For weeks after the October 2 disappearance of a Saudi journalist, Jamal Khashoggi, after he entered the Saudi Consulate in Istanbul, Turkish President Recep Tayyip Erdoğan has behaved like the leader of a Western democracy: He feared there might have been a murder of the Saudi journalist, which Saudi officials later admitted; speaking loud and louder, he asked the Saudi authorities to bring the journalist's killers to justice; he offered them a trial in Turkey, and asked for their extradition; he urged the House of Saud to find and hand over to justice those who may have ordered the murder. He also shared audio evidence of the murder with Western leaders. Yet Erdoğan's public image in the more civilized parts of the world looks closer to that of the Saudi royals than to any Western leader. For that, he only has himself to blame.
"Erdoğan championing the basic human rights of a journalist" sounds grossly oxymoronic. In its annual report in December, the Committee to Protect Journalists wrote:
"Turkey remains the world's worst jailer for the second consecutive year, with 73 journalists behind bars, compared with 81 last year. Dozens more still face trial, and fresh arrests take place regularly".
In Turkey, during the two-year state of emergency after a failed coup against Erdoğan's government in July 2016, more than 100,000 people have been imprisoned, including academics, lawyers, journalists and opposition politicians. More than 50,000 people remain in prison, according to Amnesty International, and 100,000 have been purged from government service. The Vienna-based International Press Institute tweeted on Oct. 25: "Gruesome nature of #Khashoggi murder should not distract from #Turkey's own persecution of journalists".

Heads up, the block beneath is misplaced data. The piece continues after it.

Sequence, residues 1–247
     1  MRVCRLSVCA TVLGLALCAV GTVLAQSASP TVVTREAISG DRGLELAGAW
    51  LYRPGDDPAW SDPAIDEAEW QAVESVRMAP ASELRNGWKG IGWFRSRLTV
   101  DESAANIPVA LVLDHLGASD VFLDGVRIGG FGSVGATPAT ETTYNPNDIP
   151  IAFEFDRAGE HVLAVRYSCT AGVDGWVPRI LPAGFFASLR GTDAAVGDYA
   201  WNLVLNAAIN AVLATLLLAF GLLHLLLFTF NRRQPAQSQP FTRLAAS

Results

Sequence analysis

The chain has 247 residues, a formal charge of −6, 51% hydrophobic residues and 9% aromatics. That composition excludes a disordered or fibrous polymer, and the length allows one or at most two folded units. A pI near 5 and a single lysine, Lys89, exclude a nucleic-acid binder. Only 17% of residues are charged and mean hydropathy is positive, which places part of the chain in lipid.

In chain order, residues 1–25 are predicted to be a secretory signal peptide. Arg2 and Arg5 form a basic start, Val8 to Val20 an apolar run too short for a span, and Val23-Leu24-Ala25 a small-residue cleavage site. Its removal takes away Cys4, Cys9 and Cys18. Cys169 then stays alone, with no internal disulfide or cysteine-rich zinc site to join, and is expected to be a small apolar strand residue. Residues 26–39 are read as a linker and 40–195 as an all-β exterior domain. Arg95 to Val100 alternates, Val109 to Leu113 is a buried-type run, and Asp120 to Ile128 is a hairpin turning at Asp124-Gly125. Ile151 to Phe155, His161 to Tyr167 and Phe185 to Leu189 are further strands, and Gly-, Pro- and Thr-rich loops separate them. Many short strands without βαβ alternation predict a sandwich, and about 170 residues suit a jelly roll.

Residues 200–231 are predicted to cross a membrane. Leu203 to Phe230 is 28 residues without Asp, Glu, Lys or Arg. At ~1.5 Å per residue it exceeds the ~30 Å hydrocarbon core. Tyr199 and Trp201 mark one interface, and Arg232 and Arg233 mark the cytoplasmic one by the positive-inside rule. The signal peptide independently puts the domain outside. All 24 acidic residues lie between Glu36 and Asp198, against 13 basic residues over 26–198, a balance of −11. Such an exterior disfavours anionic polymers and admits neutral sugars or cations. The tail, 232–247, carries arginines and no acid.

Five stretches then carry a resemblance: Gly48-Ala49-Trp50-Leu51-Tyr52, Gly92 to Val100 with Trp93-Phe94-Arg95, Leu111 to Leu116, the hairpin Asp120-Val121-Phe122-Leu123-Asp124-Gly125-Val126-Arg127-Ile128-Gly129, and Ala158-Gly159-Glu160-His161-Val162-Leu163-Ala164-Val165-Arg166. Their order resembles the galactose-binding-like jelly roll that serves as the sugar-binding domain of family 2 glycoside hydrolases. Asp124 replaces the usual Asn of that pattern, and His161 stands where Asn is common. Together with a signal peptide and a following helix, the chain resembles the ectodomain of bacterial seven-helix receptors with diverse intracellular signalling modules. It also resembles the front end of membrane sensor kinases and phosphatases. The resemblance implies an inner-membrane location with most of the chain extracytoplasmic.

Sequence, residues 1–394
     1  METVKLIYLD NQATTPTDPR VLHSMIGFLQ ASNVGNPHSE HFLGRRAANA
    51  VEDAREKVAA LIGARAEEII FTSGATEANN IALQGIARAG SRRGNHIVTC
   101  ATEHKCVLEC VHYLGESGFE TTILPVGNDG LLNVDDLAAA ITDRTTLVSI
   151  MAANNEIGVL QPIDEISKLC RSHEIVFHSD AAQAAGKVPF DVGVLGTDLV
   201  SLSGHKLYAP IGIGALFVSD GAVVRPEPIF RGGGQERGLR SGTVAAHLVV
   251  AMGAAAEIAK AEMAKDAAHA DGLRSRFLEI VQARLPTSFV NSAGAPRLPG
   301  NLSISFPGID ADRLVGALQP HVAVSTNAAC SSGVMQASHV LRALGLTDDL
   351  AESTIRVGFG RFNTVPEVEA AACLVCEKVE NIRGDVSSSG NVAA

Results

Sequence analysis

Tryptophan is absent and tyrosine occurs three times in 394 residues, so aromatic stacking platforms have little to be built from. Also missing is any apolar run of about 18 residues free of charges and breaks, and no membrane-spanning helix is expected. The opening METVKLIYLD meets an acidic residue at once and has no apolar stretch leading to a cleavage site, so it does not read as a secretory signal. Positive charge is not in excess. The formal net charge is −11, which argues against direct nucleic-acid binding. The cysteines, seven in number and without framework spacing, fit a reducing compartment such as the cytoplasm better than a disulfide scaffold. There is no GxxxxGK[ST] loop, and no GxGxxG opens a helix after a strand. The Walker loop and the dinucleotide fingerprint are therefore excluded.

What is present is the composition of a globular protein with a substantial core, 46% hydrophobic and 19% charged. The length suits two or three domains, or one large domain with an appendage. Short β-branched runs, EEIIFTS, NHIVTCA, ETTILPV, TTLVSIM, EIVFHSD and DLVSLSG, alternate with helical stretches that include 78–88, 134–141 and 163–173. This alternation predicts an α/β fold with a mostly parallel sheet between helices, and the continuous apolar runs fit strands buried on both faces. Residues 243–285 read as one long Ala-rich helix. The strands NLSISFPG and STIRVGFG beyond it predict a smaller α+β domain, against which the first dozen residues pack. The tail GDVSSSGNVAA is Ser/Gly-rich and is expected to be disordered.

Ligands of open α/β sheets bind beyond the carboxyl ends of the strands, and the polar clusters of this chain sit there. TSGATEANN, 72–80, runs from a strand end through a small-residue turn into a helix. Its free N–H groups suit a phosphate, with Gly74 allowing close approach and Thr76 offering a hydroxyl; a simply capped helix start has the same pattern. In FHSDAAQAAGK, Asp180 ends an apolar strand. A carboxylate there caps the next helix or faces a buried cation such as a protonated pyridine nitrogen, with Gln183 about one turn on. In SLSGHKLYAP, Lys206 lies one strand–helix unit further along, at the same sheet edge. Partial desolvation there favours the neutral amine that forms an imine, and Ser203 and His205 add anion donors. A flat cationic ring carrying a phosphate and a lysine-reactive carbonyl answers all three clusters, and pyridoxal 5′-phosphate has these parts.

For Erdoğan, apparently, as for the Saudis, there are "good journalists" and "bad journalists." He often refers to the latter group as "terrorists" and "traitors." One such journalist is Can Dündar, former editor-in-chief of the secular, left-wing Cumhuriyet daily. In 2016, Dündar, along with his colleague Erdem Gül, was sentenced to five years in prison for "revealing state secrets" after a front-page story in Cumhuriyet detailed how Turkey's security services had sent arms shipments to radical jihadis fighting in Syria. Shortly before a court in Ankara announced the verdict, Dündar narrowly escaped an attack by a gunman outside the courthouse. Instead, a television reporter who was covering the trial was injured by a stray bullet. The gunman was apparently an Erdoğan sympathizer who confessed to having been provoked by news accusing Dündar of high treason.
In a hearing in October the gunman was sentenced to 5,000 liras (approximately $900). The injured journalist, Yağız Şenkal, commented: "This fine is even smaller than what I had to pay the hospital for my injuries."
This kind of "Islamic" justice is not unknown in Turkey. In 2007 Hrant Dink, a Turkish-Armenian journalist, was shot in the head three times by a teenager who was caught and confessed to the killing on 'nationalist aspirations.' During his interrogation, the killer was given a red-carpet treatment by police officers who posed to cameras with the boy, in front of a Turkish flag, everyone smiling, as if they were greeting a national hero. In a 2010 verdict, the European Court of Human Rights ruled that the Turkish state had failed to protect the life of Dink. The ruling said:
"The court took the view that the Turkish security forces could reasonably be considered to have been aware of the intense hostility towards Hrant Dink in nationalist circles ... None of the three authorities informed of the planned assassination and its imminent realisation had taken action to prevent it."
Erdoğan has tried so hard to use the murder of the Saudi journalist, Khashoggi, for a charm offensive mission to polish his badly tarnished image in the Western world. He is still trying hard to play the game. Sorry, Mr. President: It just does not work.
Burak Bekdil, one of Turkey's leading journalists, was recently fired from the country's most noted newspaper after 29 years, for writing in Gatestone what is taking place in Turkey. He is a Fellow at the Middle East Forum.